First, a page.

New WHO/Europe guidelines support rapid response to measles and rubella outbreaks
Outbreaks of measles and rubella continue to occur in the WHO European Region despite generally high coverage with measles- and rubella-containing vaccines. As the measles and rubella elimination target date of 2015 for the WHO European Region approaches, timely action to quickly contain outbreaks has become increasingly important.
WHO/Europe has therefore released new “Guidelines for measles and rubella outbreak investigation and response in the WHO European Region” specifically directed to countries striving to reach the elimination goal. This new publication encourages national public health officials and health authorities to take steps to ensure implementation of appropriate response measures and rapid interruption of virus transmission during outbreaks.
The document provides guidance on:
- definitions of cases and outbreaks;
- confirming, investigating and managing an outbreak, including appropriate vaccination strategies; and
- learning lessons from the outbreak and developing plans for prevention of future outbreaks.
Causes of outbreaks
Several factors contribute to the continued transmission of measles and rubella viruses in the European Region:
- accumulation of susceptible individuals among older children and young adults who were not included or missed routine vaccination in their childhood;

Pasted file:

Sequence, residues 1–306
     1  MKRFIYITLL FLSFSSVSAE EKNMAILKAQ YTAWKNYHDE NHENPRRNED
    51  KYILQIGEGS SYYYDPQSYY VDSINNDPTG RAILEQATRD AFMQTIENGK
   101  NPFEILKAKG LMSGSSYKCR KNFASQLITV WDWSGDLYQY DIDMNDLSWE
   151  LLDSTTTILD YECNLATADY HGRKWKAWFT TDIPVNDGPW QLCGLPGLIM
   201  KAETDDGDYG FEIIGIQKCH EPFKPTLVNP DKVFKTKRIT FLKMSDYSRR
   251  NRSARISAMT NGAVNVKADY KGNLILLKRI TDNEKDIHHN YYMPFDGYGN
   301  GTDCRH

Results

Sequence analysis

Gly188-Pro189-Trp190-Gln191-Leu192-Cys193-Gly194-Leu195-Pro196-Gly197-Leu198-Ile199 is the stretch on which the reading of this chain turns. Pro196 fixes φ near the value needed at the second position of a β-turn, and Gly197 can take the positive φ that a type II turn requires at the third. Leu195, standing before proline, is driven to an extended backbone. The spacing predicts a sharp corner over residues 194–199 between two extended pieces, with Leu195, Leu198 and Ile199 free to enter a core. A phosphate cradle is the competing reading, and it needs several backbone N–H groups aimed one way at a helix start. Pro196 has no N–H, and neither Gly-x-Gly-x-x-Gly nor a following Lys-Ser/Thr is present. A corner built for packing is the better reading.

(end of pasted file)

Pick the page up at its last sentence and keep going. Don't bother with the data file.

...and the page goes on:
- pockets of low vaccination coverage in some population groups due to lack of access to health services or resistance to vaccination based on religious or philosophical beliefs;
- declining public acceptance of immunization particularly in western Europe, due to the lack of concern about disease severity and unfounded perceptions of the risks and benefits of vaccination;
- lack of strong provider recommendations to vaccinate during the patient encounter; and
- ongoing reforms in the health systems of countries in transition.
The revised Guidelines are part of stepped up efforts described in the "Package for accelerated action 2013-2015", which was presented to the Region’s ministers of health at the 63rd Session of the WHO Regional Committee on 18 September 2013. This document outlines necessary actions to be taken by WHO, Member States and other partners in order to reach the 2015 elimination goal.